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With respect to Jeff, I thought that after the first judge's table, he said something to the effect of "they only had positive things to say about my food" or some such. Am I misremembering? If that was really the case, and if Jeff's oysters really tasted like sterno, that seems more like the judges were being more disingenuous/playing to the camera/game rather than gracious to me.

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I suspected that Fabio might be going home after seeing an article in our local newspaper, the Daily Breeze (covers the South Bay of Los Angeles), written by food editor, Natalie Haughton. Title: "Rising to the Top: Chef Viviani brings love of Italian food to Americans." It isn't posted on their website yet, so I could not include the link. I covers Fabio, his restaurant, his background and his experience on Top chef, but states that the winner will be announced next week and that Fabio is prohibited by contract from discussing the specifics of any sho not already aired. But it was a bit suspicious that they chose this Wednesday to run the article. Yes, I believe in conspiracy theories! :-)

I was sorry to see him leave and thought that Stephan should have been handed his knives.

Cooking is like love, it should be entered into with abandon, or not at all.

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...

By the way, what is the reason for moving the last two episodes to New Orleans? Obviously last night's episode had a Creole theme, but I believe the last episode is always freestyle: chefs cook what they want, which means they could be cooking anywhere. So did they move the thing to New Orleans just to get one episode with Emeril? Or is there something more subtle that I'm missing?

I'm guessing an on-the-ball convention and tourism bureau and an overall interest on the part of the talent and producers in supporting the rebuilding of the New Orleans food scene.

Holly Moore

"I eat, therefore I am."

HollyEats.Com

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I'm rewatching the episode with my daughter, and I have to say that the cocktails appear to be dump-on-the-floor wretched, and not just Carla's "cocktail." It really shows that recent, fundamental innovations in mixology, not to mention classic principles, are still foreign to chefs that know about sous vide, hydrocolloids, and foams.

Chris Amirault

eG Ethics Signatory

Sir Luscious got gator belts and patty melts

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I'm rewatching the episode with my daughter, and I have to say that the cocktails appear to be dump-on-the-floor wretched, and not just Carla's "cocktail." It really shows that recent, fundamental innovations in mixology, not to mention classic principles, are still foreign to chefs that know about sous vide, hydrocolloids, and foams.

I really surprised by their lack of understanding of balance in a cocktail.

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I'm rewatching the episode with my daughter, and I have to say that the cocktails appear to be dump-on-the-floor wretched, and not just Carla's "cocktail." It really shows that recent, fundamental innovations in mixology, not to mention classic principles, are still foreign to chefs that know about sous vide, hydrocolloids, and foams.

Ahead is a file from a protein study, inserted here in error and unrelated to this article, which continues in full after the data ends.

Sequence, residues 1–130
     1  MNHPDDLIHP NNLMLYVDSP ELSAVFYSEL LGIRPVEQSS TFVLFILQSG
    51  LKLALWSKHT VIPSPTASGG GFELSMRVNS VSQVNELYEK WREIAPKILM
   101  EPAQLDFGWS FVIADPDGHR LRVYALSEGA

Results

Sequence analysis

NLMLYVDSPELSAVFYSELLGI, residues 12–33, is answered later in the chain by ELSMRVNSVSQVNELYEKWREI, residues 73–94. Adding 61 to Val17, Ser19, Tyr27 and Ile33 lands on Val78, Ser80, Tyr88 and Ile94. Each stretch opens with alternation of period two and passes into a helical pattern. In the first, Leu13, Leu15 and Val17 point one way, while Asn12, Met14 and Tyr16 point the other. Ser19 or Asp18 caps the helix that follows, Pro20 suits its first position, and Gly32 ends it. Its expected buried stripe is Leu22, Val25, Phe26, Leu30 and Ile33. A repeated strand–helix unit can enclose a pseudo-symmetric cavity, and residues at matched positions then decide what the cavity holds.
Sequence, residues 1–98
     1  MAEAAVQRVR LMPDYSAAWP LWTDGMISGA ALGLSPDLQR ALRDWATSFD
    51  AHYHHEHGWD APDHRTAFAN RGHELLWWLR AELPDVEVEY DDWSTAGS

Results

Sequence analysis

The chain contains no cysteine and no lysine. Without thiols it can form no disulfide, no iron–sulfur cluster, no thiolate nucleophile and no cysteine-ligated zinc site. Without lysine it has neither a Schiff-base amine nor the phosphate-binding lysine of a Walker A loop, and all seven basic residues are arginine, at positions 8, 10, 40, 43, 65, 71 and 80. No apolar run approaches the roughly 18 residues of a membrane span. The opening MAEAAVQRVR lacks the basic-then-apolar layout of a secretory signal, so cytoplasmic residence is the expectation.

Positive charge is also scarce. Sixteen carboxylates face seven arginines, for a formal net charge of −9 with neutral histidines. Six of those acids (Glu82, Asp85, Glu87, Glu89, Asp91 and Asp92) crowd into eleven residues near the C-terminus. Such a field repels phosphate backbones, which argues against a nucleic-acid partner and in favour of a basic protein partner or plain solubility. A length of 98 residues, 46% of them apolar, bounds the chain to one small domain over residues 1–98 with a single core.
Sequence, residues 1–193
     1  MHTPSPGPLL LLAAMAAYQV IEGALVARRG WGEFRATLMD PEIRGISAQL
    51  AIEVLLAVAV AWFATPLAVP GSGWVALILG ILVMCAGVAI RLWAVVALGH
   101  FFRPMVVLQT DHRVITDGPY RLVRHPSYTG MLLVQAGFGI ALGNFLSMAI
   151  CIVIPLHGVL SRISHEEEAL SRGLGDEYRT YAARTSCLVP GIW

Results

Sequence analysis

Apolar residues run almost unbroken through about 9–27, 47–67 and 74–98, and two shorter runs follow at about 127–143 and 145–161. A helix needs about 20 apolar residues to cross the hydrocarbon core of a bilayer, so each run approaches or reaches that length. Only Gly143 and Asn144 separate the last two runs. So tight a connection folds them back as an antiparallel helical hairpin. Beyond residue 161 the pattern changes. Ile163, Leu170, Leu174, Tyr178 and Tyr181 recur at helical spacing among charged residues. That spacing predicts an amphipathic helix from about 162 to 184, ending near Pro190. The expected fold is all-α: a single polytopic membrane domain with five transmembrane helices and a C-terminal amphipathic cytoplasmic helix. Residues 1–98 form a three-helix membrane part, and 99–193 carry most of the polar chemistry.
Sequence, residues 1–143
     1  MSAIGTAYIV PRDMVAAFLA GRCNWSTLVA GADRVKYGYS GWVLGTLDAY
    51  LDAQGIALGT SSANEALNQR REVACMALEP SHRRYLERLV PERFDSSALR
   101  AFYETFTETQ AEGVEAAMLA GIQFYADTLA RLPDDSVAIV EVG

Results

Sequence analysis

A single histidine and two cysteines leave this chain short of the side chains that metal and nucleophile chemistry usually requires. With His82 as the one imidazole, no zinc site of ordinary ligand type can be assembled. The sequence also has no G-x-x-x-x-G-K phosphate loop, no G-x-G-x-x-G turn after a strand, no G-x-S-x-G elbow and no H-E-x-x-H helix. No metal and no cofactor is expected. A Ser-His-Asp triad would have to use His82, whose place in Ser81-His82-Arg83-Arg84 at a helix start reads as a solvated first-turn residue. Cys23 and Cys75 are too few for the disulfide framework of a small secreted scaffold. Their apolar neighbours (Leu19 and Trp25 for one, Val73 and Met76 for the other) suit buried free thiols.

I really surprised by their lack of understanding of balance in a cocktail.

Are we basing these comments off of personal, first-hand knowledge, or through-the-screen (or judges' mouths) tasting?

“Watermelon - it’s a good fruit. You eat, you drink, you wash your face.”

Italian tenor Enrico Caruso (1873-1921)

ulteriorepicure.com

My flickr account

ulteriorepicure@gmail.com

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They had serious limitations: warm ice, the need to bottle everything beforehand, lousy plastic cups. But clearly no one knew anything about the storied history of New Orleans cocktails, or about balance (as daisy17 said), or about aromatic garnishes as simple as twists.

Chris Amirault

eG Ethics Signatory

Sir Luscious got gator belts and patty melts

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They had serious limitations: warm ice, the need to bottle everything beforehand, lousy plastic cups. But clearly no one knew anything about the storied history of New Orleans cocktails, or about balance (as daisy17 said), or about aromatic garnishes as simple as twists.

It would have been awesome if someone had pulled a Sazerac out.

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So did they move the thing to New Orleans just to get one episode with Emeril? Or is there something more subtle that I'm missing?

Very simple, tax breaks and government incentives.

Dan

"Salt is born of the purest of parents: the sun and the sea." --Pythagoras.

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I'm rewatching the episode with my daughter, and I have to say that the cocktails appear to be dump-on-the-floor wretched, and not just Carla's "cocktail." It really shows that recent, fundamental innovations in mixology, not to mention classic principles, are still foreign to chefs that know about sous vide, hydrocolloids, and foams.

If the cocktails were that bad, then apparently Emeril, Tom, Padma and Gail were just as ignorant as the chefs, since they certainly didn't have the extreme reaction that you did. Having said that, none of these chefs is a career mixologist, so I would not expect them to be brilliant at it, just as I wouldn't expect a mixologist to be a brilliant chef.